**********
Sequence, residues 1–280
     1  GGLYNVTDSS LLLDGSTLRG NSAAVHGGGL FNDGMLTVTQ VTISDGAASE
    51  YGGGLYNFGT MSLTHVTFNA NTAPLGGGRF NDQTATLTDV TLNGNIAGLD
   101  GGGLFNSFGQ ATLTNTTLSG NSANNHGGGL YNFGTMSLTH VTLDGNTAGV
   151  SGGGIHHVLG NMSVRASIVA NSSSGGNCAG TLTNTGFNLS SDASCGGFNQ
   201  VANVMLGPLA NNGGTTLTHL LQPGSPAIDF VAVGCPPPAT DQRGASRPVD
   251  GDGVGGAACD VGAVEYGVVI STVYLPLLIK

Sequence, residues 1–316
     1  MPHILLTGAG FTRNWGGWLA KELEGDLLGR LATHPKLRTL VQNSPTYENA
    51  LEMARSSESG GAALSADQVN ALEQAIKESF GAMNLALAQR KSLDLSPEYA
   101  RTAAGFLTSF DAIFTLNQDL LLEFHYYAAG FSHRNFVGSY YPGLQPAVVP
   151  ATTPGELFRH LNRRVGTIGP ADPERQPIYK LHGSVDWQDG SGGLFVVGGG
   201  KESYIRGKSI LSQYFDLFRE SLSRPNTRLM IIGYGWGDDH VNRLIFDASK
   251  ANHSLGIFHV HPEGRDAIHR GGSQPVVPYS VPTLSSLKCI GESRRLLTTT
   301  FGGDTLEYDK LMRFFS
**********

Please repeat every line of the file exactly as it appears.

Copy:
Sequence, residues 1–280
     1  GGLYNVTDSS LLLDGSTLRG NSAAVHGGGL FNDGMLTVTQ VTISDGAASE
    51  YGGGLYNFGT MSLTHVTFNA NTAPLGGGRF NDQTATLTDV TLNGNIAGLD
   101  GGGLFNSFGQ ATLTNTTLSG NSANNHGGGL YNFGTMSLTH VTLDGNTAGV
   151  SGGGIHHVLG NMSVRASIVA NSSSGGNCAG TLTNTGFNLS SDASCGGFNQ
   201  VANVMLGPLA NNGGTTLTHL LQPGSPAIDF VAVGCPPPAT DQRGASRPVD
   251  GDGVGGAACD VGAVEYGVVI STVYLPLLIK

Sequence, residues 1–316
     1  MPHILLTGAG FTRNWGGWLA KELEGDLLGR LATHPKLRTL VQNSPTYENA
    51  LEMARSSESG GAALSADQVN ALEQAIKESF GAMNLALAQR KSLDLSPEYA
   101  RTAAGFLTSF DAIFTLNQDL LLEFHYYAAG FSHRNFVGSY YPGLQPAVVP
   151  ATTPGELFRH LNRRVGTIGP ADPERQPIYK LHGSVDWQDG SGGLFVVGGG
   201  KESYIRGKSI LSQYFDLFRE SLSRPNTRLM IIGYGWGDDH VNRLIFDASK
   251  ANHSLGIFHV HPEGRDAIHR GGSQPVVPYS VPTLSSLKCI GESRRLLTTT
   301  FGGDTLEYDK LMRFFS